Seldom has the passing of a man managed to reach every corner of every home on the island of Ireland, but John Hume’s death on Monday brought to light some of the darkest moments in our recent history when Hume saw hope when it was furthest away.
rom Civil Rights campaigns in the 1960s, to the Good Friday Agreement in 1998, Hume’s legacy is one of risk for the greater good of peace: ‘If you can keep your head when all about you are losing theirs and blaming it on you,’ is a famous Rudyard Kipling line that could have been penned with the Hume-Adams peace talks in mind.
The talks happened against the backdrop of Republican and Loyalist violence and while many trusted Hume’s judgment, more slated him unfairly.
Peace-keeper and visionary, the Derry man was no slave to ideology. This meant Hume could often assess the political landscapes that others could not – logical response ahead of emotional reaction was Hume’s strength.
Born in Derry in 1937, the former SDLP leader and Nobel Prize recipient worked to put ‘the Troubles’ at the forefront of European and US politics. From a platform of diplomacy and non-violence, Hume engineered the kind of political clout in Washington D.C that would weaken the British Home Office’s input into ‘Irish affairs’ in the White House. When President Bill Clinton took office in January 1993, Hume’s strategy found its intended target.
Hume’s links with Kerry come through his friend and political ally, Dick Spring.
As Minister for Foreign Affairs, and prior to the Downing Street Declaration of 1993, Dick Spring proposed his ‘six democratic principles’ – of which the primacy of Unionist consent was key.
These ‘principles’ were considered a compliment to Hume’s behind the scenes peace strategy at that time; a strategy that would later underpin the Good Friday Agreement. Spring described Hume this week as someone who ‘changed relationships’ and put the north on an international stage.
“John played a very important role in establishing peace on the island of Ireland. One had to admire his energy and dedication, he went the extra mile all the time and I think lesser people would have given up during the dark days. But John persisted as he believed in establishing better relations between the communities in Northern Ireland,” Dick told The Kerryman.
Dick added that John always believed in the idea that you must unite people, not land, and establish principles that people can share.
“John was very conscious of the fact he needed to bring his Unionist colleagues to the table in a spirit of openness, they had to be willing partners. He was fighting battles on all sides: trying to get the IRA to stop its campaign of violence, and at the same time try to reassure Unionists on the principle of consent,” he said.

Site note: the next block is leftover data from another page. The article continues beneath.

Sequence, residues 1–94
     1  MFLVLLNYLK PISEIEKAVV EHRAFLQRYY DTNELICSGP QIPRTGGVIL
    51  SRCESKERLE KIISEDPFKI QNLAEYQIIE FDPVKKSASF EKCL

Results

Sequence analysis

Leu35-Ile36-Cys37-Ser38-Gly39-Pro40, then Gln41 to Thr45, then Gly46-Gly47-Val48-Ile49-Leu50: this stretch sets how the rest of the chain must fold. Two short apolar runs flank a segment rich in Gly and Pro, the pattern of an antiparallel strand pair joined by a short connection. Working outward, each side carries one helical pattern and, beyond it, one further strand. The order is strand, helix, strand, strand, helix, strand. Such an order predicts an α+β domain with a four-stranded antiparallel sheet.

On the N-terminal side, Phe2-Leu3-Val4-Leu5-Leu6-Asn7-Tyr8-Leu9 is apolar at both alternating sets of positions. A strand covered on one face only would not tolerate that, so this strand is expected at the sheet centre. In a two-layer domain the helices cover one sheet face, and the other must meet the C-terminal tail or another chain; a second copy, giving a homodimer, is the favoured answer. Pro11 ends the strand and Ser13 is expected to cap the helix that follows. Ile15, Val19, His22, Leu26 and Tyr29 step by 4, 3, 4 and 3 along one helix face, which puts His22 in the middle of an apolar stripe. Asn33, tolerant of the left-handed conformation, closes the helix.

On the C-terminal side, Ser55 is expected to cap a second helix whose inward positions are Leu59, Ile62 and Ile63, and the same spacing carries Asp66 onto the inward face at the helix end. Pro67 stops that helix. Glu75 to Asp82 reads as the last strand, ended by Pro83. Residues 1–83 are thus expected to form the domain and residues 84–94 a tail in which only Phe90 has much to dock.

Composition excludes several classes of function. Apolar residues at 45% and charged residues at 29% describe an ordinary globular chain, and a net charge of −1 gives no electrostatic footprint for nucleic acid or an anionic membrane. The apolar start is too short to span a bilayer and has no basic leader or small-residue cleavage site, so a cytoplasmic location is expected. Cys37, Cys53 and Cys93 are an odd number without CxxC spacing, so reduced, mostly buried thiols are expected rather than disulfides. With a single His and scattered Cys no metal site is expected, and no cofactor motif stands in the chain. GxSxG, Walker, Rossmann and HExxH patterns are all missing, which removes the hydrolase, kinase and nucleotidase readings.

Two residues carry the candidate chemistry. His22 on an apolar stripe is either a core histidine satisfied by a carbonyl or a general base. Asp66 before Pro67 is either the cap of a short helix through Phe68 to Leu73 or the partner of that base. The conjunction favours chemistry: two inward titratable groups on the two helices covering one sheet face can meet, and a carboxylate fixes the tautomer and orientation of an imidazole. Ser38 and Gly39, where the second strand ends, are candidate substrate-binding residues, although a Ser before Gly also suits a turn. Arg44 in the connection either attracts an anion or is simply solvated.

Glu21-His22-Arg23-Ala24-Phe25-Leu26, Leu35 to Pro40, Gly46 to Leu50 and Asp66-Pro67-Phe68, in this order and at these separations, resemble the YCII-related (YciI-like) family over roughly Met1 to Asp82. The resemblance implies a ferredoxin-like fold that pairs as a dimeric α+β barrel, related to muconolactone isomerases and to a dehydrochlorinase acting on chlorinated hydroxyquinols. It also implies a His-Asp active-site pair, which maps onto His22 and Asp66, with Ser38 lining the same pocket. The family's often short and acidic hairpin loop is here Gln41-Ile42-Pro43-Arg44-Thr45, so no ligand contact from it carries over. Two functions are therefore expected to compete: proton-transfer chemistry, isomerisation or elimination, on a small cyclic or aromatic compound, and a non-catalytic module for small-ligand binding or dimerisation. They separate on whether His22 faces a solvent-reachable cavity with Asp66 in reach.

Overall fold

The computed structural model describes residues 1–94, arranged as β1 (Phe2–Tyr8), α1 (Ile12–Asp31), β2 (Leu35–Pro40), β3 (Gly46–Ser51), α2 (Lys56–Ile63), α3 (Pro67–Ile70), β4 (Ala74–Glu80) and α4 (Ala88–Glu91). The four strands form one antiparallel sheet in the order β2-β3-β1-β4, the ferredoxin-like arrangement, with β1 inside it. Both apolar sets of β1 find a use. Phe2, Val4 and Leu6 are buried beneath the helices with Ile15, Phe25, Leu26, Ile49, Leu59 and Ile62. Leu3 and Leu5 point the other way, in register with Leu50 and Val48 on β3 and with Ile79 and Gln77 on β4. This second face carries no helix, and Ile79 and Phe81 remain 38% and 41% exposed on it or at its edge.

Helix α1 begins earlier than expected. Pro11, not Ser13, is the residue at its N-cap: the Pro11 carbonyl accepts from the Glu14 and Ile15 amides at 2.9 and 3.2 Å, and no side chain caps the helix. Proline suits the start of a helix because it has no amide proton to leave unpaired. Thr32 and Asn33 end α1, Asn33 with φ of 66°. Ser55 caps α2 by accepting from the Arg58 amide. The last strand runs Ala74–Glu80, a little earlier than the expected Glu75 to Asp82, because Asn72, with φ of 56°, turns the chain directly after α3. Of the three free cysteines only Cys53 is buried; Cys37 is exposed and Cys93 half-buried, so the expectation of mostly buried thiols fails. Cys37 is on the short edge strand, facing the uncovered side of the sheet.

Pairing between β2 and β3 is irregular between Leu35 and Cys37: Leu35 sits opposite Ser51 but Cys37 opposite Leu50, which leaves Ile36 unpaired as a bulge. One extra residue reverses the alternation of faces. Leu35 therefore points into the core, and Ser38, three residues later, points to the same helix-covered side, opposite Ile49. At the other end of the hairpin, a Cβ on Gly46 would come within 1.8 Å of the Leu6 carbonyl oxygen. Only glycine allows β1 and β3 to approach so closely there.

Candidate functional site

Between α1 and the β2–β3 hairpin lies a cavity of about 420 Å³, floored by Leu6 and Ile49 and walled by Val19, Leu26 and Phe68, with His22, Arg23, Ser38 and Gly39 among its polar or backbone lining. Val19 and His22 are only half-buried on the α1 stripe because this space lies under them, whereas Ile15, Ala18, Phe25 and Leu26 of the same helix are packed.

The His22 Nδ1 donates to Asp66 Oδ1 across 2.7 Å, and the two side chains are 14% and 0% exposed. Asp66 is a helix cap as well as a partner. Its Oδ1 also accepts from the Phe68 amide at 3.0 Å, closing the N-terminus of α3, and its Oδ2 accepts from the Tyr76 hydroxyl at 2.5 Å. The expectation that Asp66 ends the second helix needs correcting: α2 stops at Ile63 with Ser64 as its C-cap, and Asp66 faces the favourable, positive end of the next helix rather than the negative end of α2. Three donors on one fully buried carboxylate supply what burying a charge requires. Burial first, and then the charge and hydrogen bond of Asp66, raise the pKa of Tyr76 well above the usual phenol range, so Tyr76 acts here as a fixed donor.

During the height of the peace process John Hume and Dick Spring often enjoyed a quiet pint together in Tralee.
“John was a very easy person to get on with and good company. The public persona was of a man fighting 24 hours a day for peace. But John liked a sing-song; in fact he broke many an icy room at that time with his easygoing nature.
“He established a very good rapport with some of the Loyalists. They realised they had more in common than not and they could work together. John enjoyed his pint. He loved Derry and loved singing about the town he loved so well.
“I was very sorry for what happened him with his dementia. John really should have been having a lap of honour. Sadly, that wasn’t to be. Great credit goes to Pat and his family. They were a great team who worked together. Pat was as committed to the peace process as John was,” Dick said.
In 1999 Hume was invited by Tánaiste Dick Spring to see the Jennie Johnston in Blennerville. Hume praised the project’s nod to peace and reconciliation on the island.
“John was a fantastic supporter of the Jennie Johnston from the outset,” said John Griffin of Kerry County Council.
“He understood the whole concept of the north/south link. We had young people from both communities working on the project.
“I recall John as always being full of enthusiasm. He understood that to solve problems you had to see the other side’s perspective. It was a very crucial period. John was aware of the historic northern connection between the original ship and the one being built. He was a colossus and I would put him on the same terms as Daniel O’Connell,” John said.
In November, 2000, John and his wife Pat were honoured at a civic reception by Killarney Urban District Council.
UDC Chairman at the time, and former Labour Party member, Seán Counihan, said John ‘was a great man’.
“Meeting John you definitely felt like you were in the presence of someone who had something meaningful to say,” Seán said. He described John as a great supporter of local town councils as democracy at local level was part of Hume’s strategy to minimise Unionist domination in the city of Derry and across the six counties.
“You just knew whatever he said came from the heart. John was a politician that wanted solutions to problems, not just to talk about them,” he said.
Seán continued: “John Hume was for the working people. An awful lot of what he wanted to achieve came from a working class perspective. He realised many of the people dying during the Troubles were from a working class background. My childhood hero growing up was Jim Larkin; I would hold John Hume very much in a similar light, and beyond that in what he achieved for this country.”